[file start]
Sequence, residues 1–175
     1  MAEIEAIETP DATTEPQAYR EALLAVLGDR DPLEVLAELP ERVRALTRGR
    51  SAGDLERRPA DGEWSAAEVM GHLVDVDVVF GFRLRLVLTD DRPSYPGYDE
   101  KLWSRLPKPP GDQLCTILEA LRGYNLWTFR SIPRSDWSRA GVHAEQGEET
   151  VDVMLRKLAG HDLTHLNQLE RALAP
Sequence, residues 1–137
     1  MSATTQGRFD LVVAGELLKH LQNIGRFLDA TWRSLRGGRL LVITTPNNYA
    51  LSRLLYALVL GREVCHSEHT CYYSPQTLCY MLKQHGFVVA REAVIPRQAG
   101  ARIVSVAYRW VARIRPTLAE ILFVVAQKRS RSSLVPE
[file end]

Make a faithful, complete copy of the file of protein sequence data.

Sequence, residues 1–175
     1  MAEIEAIETP DATTEPQAYR EALLAVLGDR DPLEVLAELP ERVRALTRGR
    51  SAGDLERRPA DGEWSAAEVM GHLVDVDVVF GFRLRLVLTD DRPSYPGYDE
   101  KLWSRLPKPP GDQLCTILEA LRGYNLWTFR SIPRSDWSRA GVHAEQGEET
   151  VDVMLRKLAG HDLTHLNQLE RALAP
Sequence, residues 1–137
     1  MSATTQGRFD LVVAGELLKH LQNIGRFLDA TWRSLRGGRL LVITTPNNYA
    51  LSRLLYALVL GREVCHSEHT CYYSPQTLCY MLKQHGFVVA REAVIPRQAG
   101  ARIVSVAYRW VARIRPTLAE ILFVVAQKRS RSSLVPE